The high cost of inadequate crisis management
A quick and adequate response was needed when the temperature of the damaged nuclear reactors inside the stricken Fukushima Daiichi nuclear power plant reached over 1,000°C following the tsunami in Japan on 11 March 2011. Water was needed to cool down the reactors and as a last resort, one option remained open: shipping in equipment and pumping in seawater. But Tokyo Electric Power Company (Tepco), which operates Daiichi, refused to take this option. A nuclear power plant is worth approximately US$10 billion and the use of seawater would have totally destroyed it. Blinded by concerns about potential financial losses, Tepco hesitated, resulting in the overheating of the reactor and uncontrollable consequences. The cost of handling the accident and the accident-induced follow-up actions has amounted to billions of US dollars. By the time Tepco officials realized the true cost of their decisions, it was too late.
In recent years, the airline industry has devised ideas to maximize profits, for example, by charging passengers for extra legroom, reserving seats in advance, charging for inflight food, checking luggage on domestic flights as well as other services once included in a basic ticket price. These new ideas have led to some unpleasant experiences for passengers, but they pale in comparison to United Airlines' "violent removal" incident on 9 April 2017. That night, four UA crew memebers arrived at the boarding gate after all the passengers had been seated for a flight leaving from Chicago. Four seated passengers were asked to leave the flight to make room for the UA employees. When one passenger, Vietnamese by birth, refused to comply with the request, the crew summoned airport security to drag the passenger off the plane. The ethic Vietnamese passgenger lost two front teeth in the struggle and was blooded from his injuries.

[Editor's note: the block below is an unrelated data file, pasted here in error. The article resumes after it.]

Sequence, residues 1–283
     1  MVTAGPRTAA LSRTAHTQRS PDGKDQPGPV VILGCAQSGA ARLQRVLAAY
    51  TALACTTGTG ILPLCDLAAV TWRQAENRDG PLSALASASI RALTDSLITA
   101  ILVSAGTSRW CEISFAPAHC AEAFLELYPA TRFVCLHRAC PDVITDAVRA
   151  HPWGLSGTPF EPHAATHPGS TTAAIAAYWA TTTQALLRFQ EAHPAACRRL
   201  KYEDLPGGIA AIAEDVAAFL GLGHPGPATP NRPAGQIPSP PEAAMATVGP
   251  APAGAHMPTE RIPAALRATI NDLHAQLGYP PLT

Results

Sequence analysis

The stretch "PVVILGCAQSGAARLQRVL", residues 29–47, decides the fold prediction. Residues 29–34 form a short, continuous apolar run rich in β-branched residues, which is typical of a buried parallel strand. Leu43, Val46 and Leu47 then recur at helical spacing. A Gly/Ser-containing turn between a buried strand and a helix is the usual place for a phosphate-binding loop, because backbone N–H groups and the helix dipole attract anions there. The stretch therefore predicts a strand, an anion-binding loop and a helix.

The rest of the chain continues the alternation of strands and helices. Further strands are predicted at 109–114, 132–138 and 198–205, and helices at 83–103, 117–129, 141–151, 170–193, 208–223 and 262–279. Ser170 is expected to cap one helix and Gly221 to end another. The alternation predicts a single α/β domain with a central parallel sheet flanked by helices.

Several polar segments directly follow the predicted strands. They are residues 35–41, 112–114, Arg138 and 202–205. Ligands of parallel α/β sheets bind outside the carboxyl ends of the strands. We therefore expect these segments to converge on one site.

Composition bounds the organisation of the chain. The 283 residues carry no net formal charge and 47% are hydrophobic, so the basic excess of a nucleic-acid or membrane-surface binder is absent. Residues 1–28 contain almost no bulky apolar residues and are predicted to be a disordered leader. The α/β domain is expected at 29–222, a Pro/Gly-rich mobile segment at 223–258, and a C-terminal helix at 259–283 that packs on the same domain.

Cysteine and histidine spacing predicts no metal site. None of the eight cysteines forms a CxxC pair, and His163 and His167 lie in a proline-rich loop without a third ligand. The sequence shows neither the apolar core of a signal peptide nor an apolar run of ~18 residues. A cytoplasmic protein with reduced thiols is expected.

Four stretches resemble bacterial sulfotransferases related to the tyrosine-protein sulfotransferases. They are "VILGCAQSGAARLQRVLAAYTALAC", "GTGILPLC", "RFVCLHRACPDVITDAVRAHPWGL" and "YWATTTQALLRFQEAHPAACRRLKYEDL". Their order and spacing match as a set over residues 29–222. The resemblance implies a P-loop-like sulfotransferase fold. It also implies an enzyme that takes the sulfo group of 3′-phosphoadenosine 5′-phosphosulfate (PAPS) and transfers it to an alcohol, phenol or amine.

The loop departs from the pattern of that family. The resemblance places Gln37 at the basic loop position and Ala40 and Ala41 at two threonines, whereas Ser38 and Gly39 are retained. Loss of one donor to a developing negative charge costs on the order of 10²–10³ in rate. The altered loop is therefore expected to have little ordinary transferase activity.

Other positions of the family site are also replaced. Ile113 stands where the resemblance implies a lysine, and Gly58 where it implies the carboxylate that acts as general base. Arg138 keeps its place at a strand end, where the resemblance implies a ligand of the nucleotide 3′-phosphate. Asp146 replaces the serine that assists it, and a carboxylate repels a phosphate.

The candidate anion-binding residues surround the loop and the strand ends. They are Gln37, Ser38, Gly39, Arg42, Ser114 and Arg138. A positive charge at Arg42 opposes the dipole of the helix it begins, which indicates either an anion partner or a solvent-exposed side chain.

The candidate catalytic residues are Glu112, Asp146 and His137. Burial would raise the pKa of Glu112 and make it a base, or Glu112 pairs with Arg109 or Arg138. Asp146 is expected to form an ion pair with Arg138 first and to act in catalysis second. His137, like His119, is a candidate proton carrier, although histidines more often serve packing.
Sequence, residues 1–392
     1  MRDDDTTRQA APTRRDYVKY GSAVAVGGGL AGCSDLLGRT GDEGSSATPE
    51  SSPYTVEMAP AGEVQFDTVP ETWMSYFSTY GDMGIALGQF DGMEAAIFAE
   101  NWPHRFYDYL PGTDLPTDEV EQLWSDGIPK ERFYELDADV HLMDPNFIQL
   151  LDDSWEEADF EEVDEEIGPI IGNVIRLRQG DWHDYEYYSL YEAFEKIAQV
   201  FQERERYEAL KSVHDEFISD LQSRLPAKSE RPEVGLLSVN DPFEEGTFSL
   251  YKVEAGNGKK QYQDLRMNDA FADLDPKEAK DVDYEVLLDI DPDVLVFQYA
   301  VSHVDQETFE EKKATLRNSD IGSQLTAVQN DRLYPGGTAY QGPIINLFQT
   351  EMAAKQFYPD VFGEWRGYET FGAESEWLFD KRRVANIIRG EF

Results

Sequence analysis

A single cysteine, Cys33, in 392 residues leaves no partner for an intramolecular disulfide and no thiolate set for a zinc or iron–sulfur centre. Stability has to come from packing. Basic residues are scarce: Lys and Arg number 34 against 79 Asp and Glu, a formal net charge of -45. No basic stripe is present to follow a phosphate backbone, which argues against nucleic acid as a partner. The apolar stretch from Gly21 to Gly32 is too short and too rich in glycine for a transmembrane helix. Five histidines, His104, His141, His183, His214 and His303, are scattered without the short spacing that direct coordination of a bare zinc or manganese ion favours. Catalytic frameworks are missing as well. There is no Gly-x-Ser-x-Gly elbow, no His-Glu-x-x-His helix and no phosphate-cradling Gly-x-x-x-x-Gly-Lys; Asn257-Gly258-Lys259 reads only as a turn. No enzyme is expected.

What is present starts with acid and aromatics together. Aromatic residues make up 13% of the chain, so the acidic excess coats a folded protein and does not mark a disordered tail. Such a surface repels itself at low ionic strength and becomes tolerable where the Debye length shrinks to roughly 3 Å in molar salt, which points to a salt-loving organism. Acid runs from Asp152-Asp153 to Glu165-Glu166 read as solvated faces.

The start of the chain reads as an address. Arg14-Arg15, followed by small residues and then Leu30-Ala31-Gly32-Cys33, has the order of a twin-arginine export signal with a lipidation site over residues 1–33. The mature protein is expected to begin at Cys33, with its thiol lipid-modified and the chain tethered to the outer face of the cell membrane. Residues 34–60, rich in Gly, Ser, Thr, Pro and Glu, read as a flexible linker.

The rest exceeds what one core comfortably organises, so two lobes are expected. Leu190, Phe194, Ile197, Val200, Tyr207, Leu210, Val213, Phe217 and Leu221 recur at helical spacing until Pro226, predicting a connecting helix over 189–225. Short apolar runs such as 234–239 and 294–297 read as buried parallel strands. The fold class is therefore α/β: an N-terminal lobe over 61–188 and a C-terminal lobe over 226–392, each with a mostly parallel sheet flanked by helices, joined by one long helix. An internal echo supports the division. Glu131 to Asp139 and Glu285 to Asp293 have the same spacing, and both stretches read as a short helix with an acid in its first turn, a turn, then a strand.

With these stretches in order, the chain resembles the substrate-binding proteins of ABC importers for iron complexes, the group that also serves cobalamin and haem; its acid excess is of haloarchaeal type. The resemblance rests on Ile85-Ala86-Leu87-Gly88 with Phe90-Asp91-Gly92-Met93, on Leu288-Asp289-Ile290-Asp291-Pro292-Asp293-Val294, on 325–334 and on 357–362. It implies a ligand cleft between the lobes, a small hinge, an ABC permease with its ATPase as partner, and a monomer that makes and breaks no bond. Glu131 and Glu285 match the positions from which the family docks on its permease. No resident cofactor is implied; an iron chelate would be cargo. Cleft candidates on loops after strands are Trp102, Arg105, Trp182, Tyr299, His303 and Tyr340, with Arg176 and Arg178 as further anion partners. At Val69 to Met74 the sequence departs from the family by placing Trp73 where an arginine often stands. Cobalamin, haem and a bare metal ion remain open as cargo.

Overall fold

Airline overbooking is becoming the norm. The usual practice is for airlines to offer a reward to passengers who have to forfeit their seats, starting from US$200 and going up. The hope is that passengers will agree to relinquish their seats with the lure of cash or a voucher. In the recent United Airlines case, it was reported that United went as high as US$800 but no further. In order to get the seat, officials chose to haul the passenger off the plane rather than offer further incentives. The poor service and miserliness have damaged United's corporate image. In the end, the airline had to pay a hefty price to appease the passenger, which was a far worse and regrettable consequence.
Both Tepco and United have suffered at their own hands for inadequately handling crisis situations, in both cases by failing to take a careful look at the overall financial picture.
22 May, 2017